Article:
In the Pistorius case, the accused has already been found fit to stand trial – without the need for observation at a psychiatric hospital. And he has not yet been convicted, so there is not cause (at this point in time) for an assessment that might be used in mitigation of sentence. Instead, Pistorius has been referred to a state psychiatric hospital in terms of the Criminal Procedure Act following evidence from state witness Dr. Merryl Voster, a forensic psychiatrist who diagnosed him with a recognized psychiatric condition known as general anxiety disorder (GAD).
Many have commented in both the mainstream and social media about the implications of Pistorius being sent for observation. A common assessment is that state prosecutor Gerrie Nel needed to immediately negate the possibility of a lack of criminal responsibility being used in mitigation if Pistorius is eventually convicted of murder as charged. Ulrich Roux, a young advocate who has been featured on the official Oscar Pistorius TV trial channel 199 wrote in an article printed in last weekend’s Sunday Times newspaper that Nel had no option but to bring the application for Pistorius to be assessed. Further, he wrote that Judge Masipa did the correct thing in ruling for the evaluation.
There were two issues, he stated: a person who lacks criminal liability cannot be convicted of a crime; and if a person is convicted, and evidence of a lack of criminal liability is lead, the conviction might be set aside and the accused “discharged.” This, he wrote was “a risk that Nel did not want to take and he chose to deal with the issue of criminal liability now.”
Dadic points out that if Pistorius is found to be mentally ill, this does not mean he will be automatically acquitted. Quoting case law from 1965, he says that it is the function of the psychiatric panel appointed by the court to make a diagnosis, not to decide on criminal responsibility. This will be up to the court – in this case Judge Masipa and her two assessors – to decide. He states that one possibility, if Pistorius is found to be suffering from a “pathological condition,” would be that he was acquitted and retained indefinitely in a state psychiatric facility. However, it was also possible that even if diagnosed to have a mental defect, he might be found guilty but with a verdict of “diminished responsibility,” which would result in a reduced sentence.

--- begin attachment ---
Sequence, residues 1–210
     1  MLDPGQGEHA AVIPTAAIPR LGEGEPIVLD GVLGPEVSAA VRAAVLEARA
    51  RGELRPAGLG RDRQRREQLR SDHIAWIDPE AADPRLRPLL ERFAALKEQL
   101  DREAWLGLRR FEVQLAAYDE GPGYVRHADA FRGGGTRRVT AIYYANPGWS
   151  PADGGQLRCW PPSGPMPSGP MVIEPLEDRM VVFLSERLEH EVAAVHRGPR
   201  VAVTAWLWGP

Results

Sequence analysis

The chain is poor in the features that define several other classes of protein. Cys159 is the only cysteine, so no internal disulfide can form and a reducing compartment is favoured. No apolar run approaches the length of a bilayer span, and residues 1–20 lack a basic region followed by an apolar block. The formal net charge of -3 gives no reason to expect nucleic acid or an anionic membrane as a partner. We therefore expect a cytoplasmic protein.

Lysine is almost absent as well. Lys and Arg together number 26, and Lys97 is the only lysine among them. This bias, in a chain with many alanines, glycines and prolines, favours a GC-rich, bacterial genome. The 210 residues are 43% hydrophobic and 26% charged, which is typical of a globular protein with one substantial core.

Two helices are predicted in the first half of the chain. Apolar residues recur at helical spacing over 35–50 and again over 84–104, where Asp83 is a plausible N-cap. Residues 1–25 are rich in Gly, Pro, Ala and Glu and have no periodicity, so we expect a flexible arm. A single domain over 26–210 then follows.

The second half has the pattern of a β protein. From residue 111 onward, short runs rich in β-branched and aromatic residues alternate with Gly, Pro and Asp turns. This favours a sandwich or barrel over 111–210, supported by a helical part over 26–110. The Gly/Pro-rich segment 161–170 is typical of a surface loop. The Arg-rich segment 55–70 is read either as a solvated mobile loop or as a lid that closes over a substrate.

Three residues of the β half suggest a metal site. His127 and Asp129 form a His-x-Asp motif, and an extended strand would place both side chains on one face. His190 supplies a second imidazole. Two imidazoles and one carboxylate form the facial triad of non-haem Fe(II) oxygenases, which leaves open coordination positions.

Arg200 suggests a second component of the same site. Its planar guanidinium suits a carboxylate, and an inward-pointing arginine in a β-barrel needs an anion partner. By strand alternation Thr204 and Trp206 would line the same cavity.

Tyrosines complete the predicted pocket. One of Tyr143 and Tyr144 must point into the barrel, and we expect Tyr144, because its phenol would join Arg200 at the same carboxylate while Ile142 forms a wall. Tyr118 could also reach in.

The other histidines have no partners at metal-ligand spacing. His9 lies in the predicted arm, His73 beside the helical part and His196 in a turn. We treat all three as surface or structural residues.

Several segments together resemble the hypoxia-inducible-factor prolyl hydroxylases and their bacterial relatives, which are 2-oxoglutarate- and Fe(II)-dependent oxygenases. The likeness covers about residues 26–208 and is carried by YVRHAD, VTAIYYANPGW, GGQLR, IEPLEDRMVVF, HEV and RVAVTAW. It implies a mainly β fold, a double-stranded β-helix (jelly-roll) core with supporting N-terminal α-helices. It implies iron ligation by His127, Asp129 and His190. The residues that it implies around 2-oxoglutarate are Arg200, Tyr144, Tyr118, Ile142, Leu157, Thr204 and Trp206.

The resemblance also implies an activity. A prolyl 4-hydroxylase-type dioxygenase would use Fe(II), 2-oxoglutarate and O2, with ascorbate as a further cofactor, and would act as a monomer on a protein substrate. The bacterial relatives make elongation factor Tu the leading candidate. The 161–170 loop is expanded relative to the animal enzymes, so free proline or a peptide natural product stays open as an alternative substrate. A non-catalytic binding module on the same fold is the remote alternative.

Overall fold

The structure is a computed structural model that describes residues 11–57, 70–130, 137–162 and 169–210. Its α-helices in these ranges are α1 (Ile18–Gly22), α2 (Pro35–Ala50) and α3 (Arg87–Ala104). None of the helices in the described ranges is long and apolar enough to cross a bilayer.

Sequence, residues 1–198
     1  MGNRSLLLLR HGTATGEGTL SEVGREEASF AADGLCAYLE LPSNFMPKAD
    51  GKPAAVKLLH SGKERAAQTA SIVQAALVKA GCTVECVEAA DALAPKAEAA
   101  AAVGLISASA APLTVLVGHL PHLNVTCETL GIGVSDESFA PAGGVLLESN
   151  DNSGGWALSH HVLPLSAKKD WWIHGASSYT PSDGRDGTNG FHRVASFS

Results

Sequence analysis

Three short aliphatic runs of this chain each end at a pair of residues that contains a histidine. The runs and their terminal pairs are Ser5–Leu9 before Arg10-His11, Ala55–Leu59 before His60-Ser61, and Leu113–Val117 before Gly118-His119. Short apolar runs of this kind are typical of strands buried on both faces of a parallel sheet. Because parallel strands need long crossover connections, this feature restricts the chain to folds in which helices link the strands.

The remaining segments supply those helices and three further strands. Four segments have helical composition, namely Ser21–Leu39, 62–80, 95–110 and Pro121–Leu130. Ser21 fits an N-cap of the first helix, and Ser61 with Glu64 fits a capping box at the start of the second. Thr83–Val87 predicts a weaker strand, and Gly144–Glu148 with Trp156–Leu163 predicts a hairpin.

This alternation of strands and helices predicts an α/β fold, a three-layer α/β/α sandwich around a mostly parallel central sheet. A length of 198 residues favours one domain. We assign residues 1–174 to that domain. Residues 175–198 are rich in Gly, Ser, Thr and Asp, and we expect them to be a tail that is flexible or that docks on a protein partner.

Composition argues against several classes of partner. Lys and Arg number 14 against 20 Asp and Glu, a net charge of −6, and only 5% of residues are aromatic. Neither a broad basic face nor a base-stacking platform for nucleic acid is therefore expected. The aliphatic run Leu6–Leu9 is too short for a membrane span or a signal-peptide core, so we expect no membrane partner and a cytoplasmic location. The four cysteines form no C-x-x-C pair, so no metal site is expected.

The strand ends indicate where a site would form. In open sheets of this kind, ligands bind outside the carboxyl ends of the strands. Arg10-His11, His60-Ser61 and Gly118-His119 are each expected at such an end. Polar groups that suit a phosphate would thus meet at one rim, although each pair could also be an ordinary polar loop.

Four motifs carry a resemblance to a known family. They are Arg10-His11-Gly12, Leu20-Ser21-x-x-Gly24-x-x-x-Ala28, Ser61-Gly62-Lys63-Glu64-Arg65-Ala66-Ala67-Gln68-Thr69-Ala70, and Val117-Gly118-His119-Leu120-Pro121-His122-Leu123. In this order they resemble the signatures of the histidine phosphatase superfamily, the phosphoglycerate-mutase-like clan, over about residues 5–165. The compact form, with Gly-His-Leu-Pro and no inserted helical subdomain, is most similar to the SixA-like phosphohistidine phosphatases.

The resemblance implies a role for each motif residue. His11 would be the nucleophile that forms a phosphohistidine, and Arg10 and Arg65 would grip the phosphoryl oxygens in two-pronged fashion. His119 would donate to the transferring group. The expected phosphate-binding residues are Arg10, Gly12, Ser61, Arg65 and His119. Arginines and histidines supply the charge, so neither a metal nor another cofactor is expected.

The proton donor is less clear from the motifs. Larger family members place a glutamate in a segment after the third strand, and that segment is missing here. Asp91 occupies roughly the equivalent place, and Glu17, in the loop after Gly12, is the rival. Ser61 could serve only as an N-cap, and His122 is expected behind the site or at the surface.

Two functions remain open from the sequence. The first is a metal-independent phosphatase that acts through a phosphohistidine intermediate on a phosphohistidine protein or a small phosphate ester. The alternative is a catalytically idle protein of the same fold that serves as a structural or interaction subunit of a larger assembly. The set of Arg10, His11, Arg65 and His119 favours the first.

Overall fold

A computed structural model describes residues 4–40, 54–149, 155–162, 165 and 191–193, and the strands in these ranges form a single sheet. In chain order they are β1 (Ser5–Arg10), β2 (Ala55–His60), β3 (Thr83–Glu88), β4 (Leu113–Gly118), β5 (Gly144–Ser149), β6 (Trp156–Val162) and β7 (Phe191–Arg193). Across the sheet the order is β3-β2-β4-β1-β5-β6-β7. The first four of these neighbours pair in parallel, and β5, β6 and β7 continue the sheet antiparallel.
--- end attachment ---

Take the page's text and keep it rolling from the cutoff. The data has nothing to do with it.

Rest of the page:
Another possibility, according to Dadic, is that it might be found that the condition Pistorius suffered from on February 14, 2013 was temporary and not a mental defect as such. This could, he states, result in an acquittal because of his state of mind at the time. A fourth possibility would be for Pistorius to be found to be “of sound mental state.” This would negate Dr. Voster’s report and could result in his version of events being dismissed, leading to a conviction. Since the Voster report was based on only two consultations with the accused, this is probably why Roux argued so intensely against the application for him to be assessed, “because he will know that this risk could cost Oscar everything.”
In 2012, Johan Kotze, accused of plotting his ex-wife’s gang rape and of killing her son, was sent to Weskoppies to ascertain whether he was fit to stand trial. Three psychiatrists assessed him and he was found to be accountable for his actions. He was convicted of murder in July last year and sentenced to life imprisonment without leave to appeal. The defense argued in mitigation of sentence that he had a narcissistic personality disorder (which some commentators have stated they believe Pistorius has), suffered from an “acute stress disorder,” and had major depression. A psychologist for the state testified that he had no mental disorders and the court should hold him accountable for his actions – which it did.
The implications of mental illness and the possible madness of a murder accused can go in any direction, depending on both their state of mind and the diagnosis of psychologists and psychiatrists. These professionals play a pivotal role in the outcome of murder trials of people like Oscar Pistorius, Shrien Dewani and other killers. But ultimately it will be up to the judge and possibly the judge’s assessors.
By Penny Swift
Criminal Procedure Act
HG Legal Resources
Who’s Your Dadic?
The Oscar Pistorius Trial: Could he Walk?
Guardian Liberty Voice
Sunday Times May 18, 2014: Expect the unexpected as evidence is scrutinized By Ulrich Roux